Remembering Kalaignar, the man who renamed Madras as Chennai

A TRIBUTE TO M KARUNANIDHI

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A poster on the streets of Chennai paying 'tearful homage' to Kalaignar, Pic: Vikram Magar

“He will be missed, his extraordinary literary prowess, his political acumen, his satirical humour, his eloquent web of lyrical Tamil will all be missed.”, says Aruna Subramaniam, a management consultant and active Chennai citizen, who remembers seeing Muthuvel Karunanidhi, or Kalaignar as he was called, with her uncle and his friends, on Marina beach in the days of ‘less crowds, glittering sand, friendly sundal vendors, and the delicious Rita ice cream carts.’

The sentiment is echoed by most Chennaiites of an older vintage today. The last of the titans is gone, and there is a deep sense of loss – ask anyone on the street, and the first words that one hears are “it is the end of an era”. Jayaram Venkatesan, founder of Arappor Iyakkam, used these words in a tribute on Facebook.

As the city bids goodbye to the man responsible for renaming her Chennai, Citizen Matters Chennai pays tribute to the five time Chief Minister, firebrand leader and a connoisseur of Tamil literature who has left an indelible mark through the various projects that took shape under his watch.

 

As Tamil Nadu government announced a public holiday on Wednesday, Guindy railway station, one of the busiest in the city wears a deserted look. Pic: Laasya Shekhar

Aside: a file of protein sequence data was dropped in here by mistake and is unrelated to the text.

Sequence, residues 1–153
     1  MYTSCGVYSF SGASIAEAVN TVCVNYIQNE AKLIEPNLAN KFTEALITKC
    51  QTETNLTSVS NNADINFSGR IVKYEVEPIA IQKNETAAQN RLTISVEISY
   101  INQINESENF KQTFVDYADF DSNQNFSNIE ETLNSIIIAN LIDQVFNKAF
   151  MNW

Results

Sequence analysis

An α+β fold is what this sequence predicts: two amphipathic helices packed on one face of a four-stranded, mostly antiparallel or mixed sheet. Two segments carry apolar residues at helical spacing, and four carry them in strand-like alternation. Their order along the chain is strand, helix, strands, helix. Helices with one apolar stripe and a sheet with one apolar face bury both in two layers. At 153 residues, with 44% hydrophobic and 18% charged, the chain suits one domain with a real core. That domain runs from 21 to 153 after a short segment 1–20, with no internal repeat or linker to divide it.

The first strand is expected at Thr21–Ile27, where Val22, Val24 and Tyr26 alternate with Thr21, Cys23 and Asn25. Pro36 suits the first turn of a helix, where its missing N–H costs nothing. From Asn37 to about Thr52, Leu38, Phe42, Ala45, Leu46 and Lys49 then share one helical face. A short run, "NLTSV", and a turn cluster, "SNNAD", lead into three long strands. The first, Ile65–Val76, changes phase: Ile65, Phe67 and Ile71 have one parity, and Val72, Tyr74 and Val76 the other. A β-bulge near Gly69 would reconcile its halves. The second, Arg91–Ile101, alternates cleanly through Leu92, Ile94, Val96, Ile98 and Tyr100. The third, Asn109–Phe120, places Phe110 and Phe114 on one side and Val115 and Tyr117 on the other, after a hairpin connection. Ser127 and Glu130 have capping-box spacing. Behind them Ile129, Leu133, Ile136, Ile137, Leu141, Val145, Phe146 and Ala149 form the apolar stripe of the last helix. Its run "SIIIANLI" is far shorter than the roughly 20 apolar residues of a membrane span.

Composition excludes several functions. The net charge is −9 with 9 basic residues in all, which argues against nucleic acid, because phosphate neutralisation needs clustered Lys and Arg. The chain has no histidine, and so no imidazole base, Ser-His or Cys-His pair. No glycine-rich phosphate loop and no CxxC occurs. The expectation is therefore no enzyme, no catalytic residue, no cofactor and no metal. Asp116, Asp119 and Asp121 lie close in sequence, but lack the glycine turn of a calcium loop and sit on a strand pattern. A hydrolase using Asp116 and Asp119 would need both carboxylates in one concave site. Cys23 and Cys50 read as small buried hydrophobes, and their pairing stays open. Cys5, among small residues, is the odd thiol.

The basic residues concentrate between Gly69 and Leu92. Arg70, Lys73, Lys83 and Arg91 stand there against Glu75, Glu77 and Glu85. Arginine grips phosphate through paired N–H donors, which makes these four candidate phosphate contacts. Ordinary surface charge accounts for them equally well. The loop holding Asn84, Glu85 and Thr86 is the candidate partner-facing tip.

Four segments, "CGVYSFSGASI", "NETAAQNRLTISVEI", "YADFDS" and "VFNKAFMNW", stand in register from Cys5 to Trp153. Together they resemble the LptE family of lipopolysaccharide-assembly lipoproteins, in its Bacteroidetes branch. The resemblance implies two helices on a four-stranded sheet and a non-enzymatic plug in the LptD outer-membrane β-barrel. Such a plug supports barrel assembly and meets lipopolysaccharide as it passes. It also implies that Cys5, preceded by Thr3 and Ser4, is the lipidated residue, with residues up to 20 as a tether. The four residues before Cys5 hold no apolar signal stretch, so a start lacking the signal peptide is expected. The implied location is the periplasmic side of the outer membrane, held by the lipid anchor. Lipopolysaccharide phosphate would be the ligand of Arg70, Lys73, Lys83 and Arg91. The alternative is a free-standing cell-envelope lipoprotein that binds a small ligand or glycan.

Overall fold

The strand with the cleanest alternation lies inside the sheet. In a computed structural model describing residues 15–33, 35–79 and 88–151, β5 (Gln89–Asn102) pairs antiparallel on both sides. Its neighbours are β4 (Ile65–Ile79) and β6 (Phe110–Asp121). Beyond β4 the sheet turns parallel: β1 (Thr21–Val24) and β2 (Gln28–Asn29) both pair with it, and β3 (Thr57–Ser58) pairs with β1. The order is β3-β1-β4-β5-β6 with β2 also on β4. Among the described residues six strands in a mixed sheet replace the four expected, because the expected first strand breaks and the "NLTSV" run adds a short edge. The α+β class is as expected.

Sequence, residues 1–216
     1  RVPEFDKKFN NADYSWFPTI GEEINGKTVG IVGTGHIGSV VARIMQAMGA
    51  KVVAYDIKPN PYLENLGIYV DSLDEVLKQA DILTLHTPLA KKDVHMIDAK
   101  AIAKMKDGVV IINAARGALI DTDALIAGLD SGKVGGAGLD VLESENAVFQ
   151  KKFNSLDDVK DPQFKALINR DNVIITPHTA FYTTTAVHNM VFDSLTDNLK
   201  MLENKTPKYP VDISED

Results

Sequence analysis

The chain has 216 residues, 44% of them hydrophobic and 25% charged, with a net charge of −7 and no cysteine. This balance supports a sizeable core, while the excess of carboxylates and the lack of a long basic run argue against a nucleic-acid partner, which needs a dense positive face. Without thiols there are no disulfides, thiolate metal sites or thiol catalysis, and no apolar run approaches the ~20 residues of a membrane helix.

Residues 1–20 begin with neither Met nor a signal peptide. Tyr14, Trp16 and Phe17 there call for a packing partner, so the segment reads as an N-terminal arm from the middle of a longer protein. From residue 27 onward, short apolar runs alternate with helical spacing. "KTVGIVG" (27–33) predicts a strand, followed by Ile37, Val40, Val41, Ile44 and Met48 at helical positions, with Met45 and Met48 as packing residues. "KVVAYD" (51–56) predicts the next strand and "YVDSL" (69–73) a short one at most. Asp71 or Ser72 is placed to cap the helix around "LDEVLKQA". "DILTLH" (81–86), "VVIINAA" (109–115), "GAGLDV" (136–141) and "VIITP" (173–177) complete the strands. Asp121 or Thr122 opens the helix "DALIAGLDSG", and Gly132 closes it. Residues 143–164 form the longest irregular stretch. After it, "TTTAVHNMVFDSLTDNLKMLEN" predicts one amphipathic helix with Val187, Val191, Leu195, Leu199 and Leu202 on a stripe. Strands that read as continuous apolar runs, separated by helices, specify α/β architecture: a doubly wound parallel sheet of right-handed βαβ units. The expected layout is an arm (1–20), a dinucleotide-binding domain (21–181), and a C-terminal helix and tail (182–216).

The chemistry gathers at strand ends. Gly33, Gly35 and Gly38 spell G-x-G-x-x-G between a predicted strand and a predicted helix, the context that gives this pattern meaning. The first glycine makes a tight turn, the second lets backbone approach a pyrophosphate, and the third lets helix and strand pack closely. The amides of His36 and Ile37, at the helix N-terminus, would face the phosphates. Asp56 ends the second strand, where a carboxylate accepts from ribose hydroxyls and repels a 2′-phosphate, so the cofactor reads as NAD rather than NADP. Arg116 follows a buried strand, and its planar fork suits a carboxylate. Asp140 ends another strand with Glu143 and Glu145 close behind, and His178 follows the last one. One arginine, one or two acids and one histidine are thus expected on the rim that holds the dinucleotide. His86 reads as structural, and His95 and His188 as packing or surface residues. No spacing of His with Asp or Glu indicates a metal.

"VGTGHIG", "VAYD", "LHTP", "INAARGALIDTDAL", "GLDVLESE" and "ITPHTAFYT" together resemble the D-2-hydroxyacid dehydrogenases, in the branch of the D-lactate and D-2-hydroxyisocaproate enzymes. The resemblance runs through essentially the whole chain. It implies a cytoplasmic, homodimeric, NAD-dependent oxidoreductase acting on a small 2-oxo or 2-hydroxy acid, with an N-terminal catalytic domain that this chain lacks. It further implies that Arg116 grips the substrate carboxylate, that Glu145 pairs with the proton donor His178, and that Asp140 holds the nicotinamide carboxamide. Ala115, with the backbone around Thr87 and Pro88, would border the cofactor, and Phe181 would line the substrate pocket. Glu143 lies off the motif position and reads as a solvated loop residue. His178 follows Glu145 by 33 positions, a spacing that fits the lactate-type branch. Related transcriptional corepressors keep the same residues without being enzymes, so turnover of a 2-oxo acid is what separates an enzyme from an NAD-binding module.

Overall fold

Personification of Tamil culture

The statue of Kannagi on the Beach Road is a famous landmark. Karunanidhi had immense respect for this powerful character from Silappadhikaram, often called one of the five great epics of Tamil literature.

“The DMK government, under the leadership of M Karunanidhi, brought a culture-based architecture to Chennai.  The statues of Kannagi, Thiruvalluvar and Bharathiyar along the coastline of Chennai were established by the DMK patriarch,” said Ramu Manivannan, Political Science professor, University of Madras.

His followers remember him as an intelligent administrator, who was devoted to Tamil culture. “When Sangam literature was rediscovered in the early 20th century,  it was Karunanidhi and Anna who brought it to the masses through the contemporary language. Later, he changed the style of public speaking, to the present day style where the preferred lingo is Tamil without any tinges of Sanskrit,” said  Arun Kumar, a Ph D student in Tamil in Jawaharlal Nehru University. Arun flew in to Chennai from Delhi on Wednesday morning to pay homage to his beloved leader.

Verses of Thirukkural, the 2000 year old book of Tamil poems which is the most translated book in the world after the Bible and the Koran, has reached the households of ordinary Tamilians through Karunanidhi, who was the mastermind behind the construction of the 133-feet Valluvar statue in Kanyakumari and the majestic Valluvar Kottam in Chennai. He also made it mandatory to carve a few lines from the Thirukkural in all government offices.

Education and Jobs

A follower of Ambedkar since his early days, Karunanidhi named India’s first law university established in Chennai, after Ambedkar. Thus the Dr Ambedkar Law University came into existence in 1996, as the first law university in the country.

“He was also one of the architects behind the Information Technology (IT) growth in Tamil Nadu, which brought in thousands of jobs to the state. The TIDEL park in Taramani, one of the largest IT parks in Asia, was inaugurated in 2001” said Arjun Nagu, an ardent follower of Karunanidhi. The then-government allocated Rs 1000 crore to the setting up of the IT corridor that has greatly benefitted the city. Lakhs of engineering graduates found employment in the city with multi-national corporations such as Infosys, Accenture and HCL setting up operations in Chennai.